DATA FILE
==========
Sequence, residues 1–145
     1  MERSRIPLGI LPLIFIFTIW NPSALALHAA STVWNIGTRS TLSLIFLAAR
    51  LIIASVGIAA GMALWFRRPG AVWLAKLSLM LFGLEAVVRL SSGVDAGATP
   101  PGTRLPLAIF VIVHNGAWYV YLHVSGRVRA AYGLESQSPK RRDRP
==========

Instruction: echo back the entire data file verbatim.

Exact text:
Sequence, residues 1–145
     1  MERSRIPLGI LPLIFIFTIW NPSALALHAA STVWNIGTRS TLSLIFLAAR
    51  LIIASVGIAA GMALWFRRPG AVWLAKLSLM LFGLEAVVRL SSGVDAGATP
   101  PGTRLPLAIF VIVHNGAWYV YLHVSGRVRA AYGLESQSPK RRDRP